, the Unicity-Oneness of the Creator, in a sublime language thatsurpassed everything they had ever heard. It provided proofs for theimpossibility of the existence of more than one God. It demanded thatthey give up idolatry and instead worship only Allah, cease their practiceof burying alive their infant daughters, deal justly with orphans, givecharity, and treat the weak with respect and kindness. It warned them of the ultimate consequence of their disbelief—an everlasting abode of firein the Hereafter. To those who believed in its message, it promised aneverlasting life of bliss, happiness, and felicity. With his hijrah to Madinah, the Prophet and the first Muslimcommunity came in direct contact with Ban
Ĉ
Qaynuq
ĀĂ
, Ban
Ĉ
al-Na
ăą
r,and Ban
Ĉ
Quray
ĉ
ah, the three Jewish tribes who then lived at the Oasis,as well as with certain Christian tribes who lived in other parts of the Arabian peninsula. The
 s
 ą 
 rah
literature has preserved details of theProphet’s childhood trip to Syria, where the trading caravan met aChristian monk who recognized in him the future Prophet.
1
Theevidence for the presence of Christian communities in areas frequentedby Arabs of the
Č
ij
Ā
z is also well established. Exegetical literature alsocontains specific references to a delegation of Christians from Najr
Ā
n which visited the Prophet in Madinah in the ninth year after hijrah and
1
Ibn Hish
Ā
m,
 al-S
 ą 
 rah al-Nabaw
 ą 
 yyah
(Beirut: D
Ā
r al-Kit
Ā
b al-
Ă
 Arab
ą
, 1424/2004), 121-23; hereinafter
 al-S
 ą 
 rah
.
 
 
7
 
 Journal of Qur
ā
anic Research and Studies
Volume 3 Issue 5 2008
argued with him about Prophet
Ăč
s
Ā
.
1
The geographical region of thefirst impact of the Qur
āĀ
n expanded to include the entire ArabianPeninsula within the lifetime of the Prophet. Thus both the Jews of Madinah, and through them other Jewish tribes of the region, as well asChristians of the region were well aware of the message of the Qur
āĀ
neven during the life of the Prophet. This knowledge slowly made its wayto other regions and became the mainstay of the first polemical worksby Christians and Jews written in Europe.Since the Qur
āĀ
n had confirmed all previous revelations even as itpointed out that the followers of the earlier revelations had brokentheir covenant with Allah and had falsified their Scripture, it accordeda special status to the People of the Book (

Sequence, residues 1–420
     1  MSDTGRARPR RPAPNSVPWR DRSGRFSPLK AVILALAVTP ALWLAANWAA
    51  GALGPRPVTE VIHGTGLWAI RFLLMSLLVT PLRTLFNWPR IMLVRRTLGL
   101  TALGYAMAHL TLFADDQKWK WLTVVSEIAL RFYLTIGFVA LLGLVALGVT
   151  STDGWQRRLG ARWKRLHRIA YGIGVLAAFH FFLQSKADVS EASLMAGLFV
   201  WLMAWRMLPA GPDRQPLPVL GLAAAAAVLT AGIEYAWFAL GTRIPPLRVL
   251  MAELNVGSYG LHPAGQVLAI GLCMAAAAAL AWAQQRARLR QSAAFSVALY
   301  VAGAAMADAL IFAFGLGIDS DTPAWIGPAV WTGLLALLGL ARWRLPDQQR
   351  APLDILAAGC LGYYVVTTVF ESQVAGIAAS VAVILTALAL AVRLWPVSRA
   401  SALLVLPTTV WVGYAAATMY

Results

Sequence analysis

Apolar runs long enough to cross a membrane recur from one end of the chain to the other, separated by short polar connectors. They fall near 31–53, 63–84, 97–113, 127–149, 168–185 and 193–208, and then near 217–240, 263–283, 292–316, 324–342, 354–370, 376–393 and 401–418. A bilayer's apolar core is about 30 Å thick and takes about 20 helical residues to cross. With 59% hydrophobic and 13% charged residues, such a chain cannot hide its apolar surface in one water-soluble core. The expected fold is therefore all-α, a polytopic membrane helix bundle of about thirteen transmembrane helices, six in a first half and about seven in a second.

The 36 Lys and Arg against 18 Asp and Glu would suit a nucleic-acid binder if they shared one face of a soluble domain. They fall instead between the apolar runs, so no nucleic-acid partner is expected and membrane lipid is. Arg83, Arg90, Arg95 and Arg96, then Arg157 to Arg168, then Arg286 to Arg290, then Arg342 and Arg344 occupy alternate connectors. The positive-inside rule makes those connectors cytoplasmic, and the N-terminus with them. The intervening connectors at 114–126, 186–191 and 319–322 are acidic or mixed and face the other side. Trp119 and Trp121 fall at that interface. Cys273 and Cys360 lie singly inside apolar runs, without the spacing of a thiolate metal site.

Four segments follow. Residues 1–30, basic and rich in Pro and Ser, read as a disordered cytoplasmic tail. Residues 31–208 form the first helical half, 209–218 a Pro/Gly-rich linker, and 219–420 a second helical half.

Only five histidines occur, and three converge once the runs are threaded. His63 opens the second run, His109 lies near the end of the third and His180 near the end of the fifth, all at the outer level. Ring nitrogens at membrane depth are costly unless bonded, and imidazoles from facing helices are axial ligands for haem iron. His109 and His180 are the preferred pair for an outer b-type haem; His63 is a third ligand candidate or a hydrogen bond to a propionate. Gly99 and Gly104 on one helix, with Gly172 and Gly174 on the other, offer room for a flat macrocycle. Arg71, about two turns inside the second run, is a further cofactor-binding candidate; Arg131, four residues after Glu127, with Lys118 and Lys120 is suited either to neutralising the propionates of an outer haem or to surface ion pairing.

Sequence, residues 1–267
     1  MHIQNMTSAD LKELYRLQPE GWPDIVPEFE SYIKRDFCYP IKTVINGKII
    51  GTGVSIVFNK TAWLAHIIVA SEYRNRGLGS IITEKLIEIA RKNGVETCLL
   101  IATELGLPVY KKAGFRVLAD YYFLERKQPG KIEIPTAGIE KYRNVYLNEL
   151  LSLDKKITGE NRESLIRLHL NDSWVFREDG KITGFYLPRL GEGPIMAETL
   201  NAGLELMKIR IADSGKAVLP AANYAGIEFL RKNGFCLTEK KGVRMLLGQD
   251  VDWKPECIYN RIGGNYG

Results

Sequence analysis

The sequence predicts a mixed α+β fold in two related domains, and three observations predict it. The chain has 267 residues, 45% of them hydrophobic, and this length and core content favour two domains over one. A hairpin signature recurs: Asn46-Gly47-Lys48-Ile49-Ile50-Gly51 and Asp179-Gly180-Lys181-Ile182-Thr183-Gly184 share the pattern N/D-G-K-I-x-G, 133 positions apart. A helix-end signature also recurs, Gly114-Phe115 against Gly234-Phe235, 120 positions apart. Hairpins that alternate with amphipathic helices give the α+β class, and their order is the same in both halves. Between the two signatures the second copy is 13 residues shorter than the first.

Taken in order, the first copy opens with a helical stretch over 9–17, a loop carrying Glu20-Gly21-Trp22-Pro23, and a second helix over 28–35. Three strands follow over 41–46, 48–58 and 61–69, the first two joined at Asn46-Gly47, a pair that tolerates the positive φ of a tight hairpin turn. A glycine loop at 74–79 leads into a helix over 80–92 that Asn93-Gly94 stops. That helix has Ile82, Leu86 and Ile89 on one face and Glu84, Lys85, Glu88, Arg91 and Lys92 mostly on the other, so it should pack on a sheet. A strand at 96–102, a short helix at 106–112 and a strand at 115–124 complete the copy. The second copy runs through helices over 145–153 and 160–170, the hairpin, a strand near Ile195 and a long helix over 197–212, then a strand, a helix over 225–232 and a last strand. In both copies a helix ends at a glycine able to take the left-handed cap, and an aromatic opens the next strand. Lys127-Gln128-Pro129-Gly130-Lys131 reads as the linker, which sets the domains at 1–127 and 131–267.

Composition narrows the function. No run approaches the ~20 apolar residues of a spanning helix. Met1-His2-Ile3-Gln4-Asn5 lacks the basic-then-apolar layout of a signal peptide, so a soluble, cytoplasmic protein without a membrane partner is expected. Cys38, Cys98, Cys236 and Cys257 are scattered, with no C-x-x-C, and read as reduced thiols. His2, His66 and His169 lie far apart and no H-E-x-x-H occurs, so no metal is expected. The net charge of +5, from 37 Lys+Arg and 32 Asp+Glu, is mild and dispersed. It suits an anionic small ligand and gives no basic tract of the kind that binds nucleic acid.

ahl al-kit
 Ā
b
). One of the firstthings the Prophet did upon his arrival in Madinah was to sign anagreement with the three Jewish tribes as well as with al-Aws and al-Khazraj, the two tribes of Helpers (al-An
ĆĀ
r) who lived in Madinah.This agreement, known as the Constitution of Madinah (
 m
 ą 
th
 Ā
q al- Mad
 ą 
 nah
), outlined the respective rights and duties of all parties.
2
  While confirming the religious status of Jews and Christians, theQur
āĀ
n demanded that they accept the final revelation being sent to theProphet. Historical evidence suggests that, except for some individuals,most Jews and Christians who came to know about the Qur
āĀ
n duringthe life of the Prophet refused to accept it as a revealed Book. Thisrefusal by Jews and Christians to accept the Qur
āĀ
n as the finalrevelation and Prophet Mu
Ą
ammad as the last and final Messenger inthe line of Prophets which included their own Prophets—M
Ĉ
s
Ā
and
Ăč
s
Ā
—in time led to the emergence of Jewish and Christian polemicalliterature against the Qur
āĀ
n and Prophet Mu
Ą
ammad.
Literature about the Qur
āĀ
n
Literature about the Qur
āĀ
n falls into four broad categories: (i)exegetical literature produced by believers, explaining the message of the Qur
āĀ
n from a variety of different perspectives; (ii) polemics written by disbelievers, refuting the Qur
āĀ
n; (iii) works of theOrientalists attempting to distinguish themselves from polemical
1
This event is mentioned in almost all major exegeses in connection with the “
Ā
 yahsof 
 Mub
 Ā
 halah
” in s
Ĉ
rah
 Ċ 
l
Ă
 Imr
 Ā
 n
: 3:61-2.
2
al-S
 ą 
 rah
, 306-10; also see Muhammad Hamidullah,
The Prophet’s Establishing a State and his Succession
(Islamabad: Pakistan Hijrah Council, 1408/1988).